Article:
Machines needed are:

  • webserver01
  • dbserver01
  • accesssrv01
  • worker01
  • viewer01

I’m not sure what would be the best and fastest way to transfer them. A network transfer may be too long so maybe we can use a hard drive sent to us by UPS as we did for earlier transfers across the ocean.

I hope we can do this very quickly as the schedule is very tight, and I’m a bit late due to the time spent trying to fix the current V1 issues.

Best regards,

Francis


Let us briefly elaborate on the geographical circumstances of this request:

  • The datacenter running the V1 and V2 versions of the application under question is located in Europe
  • The customer is located in a different European country from the datacenter
  • The DC operations team is located in India

Dakshi is a very talented and quick operations guy, who picks up the request just 5 minutes later and responds willingly to export the requested VMs but being in need of a contact geographically close to the cloud DC to x-plug (and deliver) a USB harddisk . For this he redirects to Hans. Hans is known to know virtually everything which in certain organizations sometime means that Hans would be the one also doing everything – not so here: Hans redirects to George. George is a project manager located close to and responsible for activities in the DC in question, hence supposed to be best choice to coordinate the HDD x-plug and delivery process.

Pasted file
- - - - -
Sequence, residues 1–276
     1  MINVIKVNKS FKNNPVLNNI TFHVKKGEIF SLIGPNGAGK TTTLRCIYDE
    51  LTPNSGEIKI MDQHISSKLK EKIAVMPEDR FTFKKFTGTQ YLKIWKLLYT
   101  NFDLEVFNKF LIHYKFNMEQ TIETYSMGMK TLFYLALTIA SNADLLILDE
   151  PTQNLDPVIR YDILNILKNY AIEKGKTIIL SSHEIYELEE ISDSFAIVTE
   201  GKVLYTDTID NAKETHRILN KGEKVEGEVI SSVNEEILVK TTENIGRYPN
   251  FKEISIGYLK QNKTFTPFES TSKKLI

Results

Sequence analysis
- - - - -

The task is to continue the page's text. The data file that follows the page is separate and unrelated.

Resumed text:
* FULLSTOP *


On Feb, 13th Francis writes:

Hi George,

I’m Francis, in charge of our social enterprise application. We’ve been working with our cloud team on the company’s “DriveSocial” project (V1 and V2). I’m writing to you on behalf of Hans. Our company has signed a deal with a local government’s ministry to host an instance of our social enterprise application. For obvious reasons, that instance needs to be hosted in the customer’s country.

As this project has a very tight schedule, and to be sure we can deliver in time, I need a dump of a few virtual machines from our application’s V2 implementation so we can import them on our local VMWare infrastructure.

Machines are:

  • webserver01
  • dbserver01
  • accesssrv01
  • worker01
  • viewer01

Can you please have them dumped and sent on a hard drive to:

DC1GER – Markus Verdinger, Sackstrasse 240, 99999 Praiss, Germany

The latest snapshot of the virtual machines, even though from last week would be perfect.

Thank you very much in advance,

Francis


A few minutes later the same day, Hans (in a supportive manner) shares a diagram of the V2 implementation with everybody; included is a detailed directive how to discover the right VMs within the “complicated jungle” of virtual organizations and virtual appliances [2(!) ORGs; 5(!) vApps].

George, the project manager and always eager to exactly specify the right activities, now kicks off a conversation about which server to plug the harddisk into – which ultimately involves Bob, the infrastructure architect.

On Feb, 13th Bob writes clarifyingly:

George,

They are looking for physical jump server in the EU1DC rack 0815.  On the rack elevation diagram, you are looking for CWRWTs001 in RU99.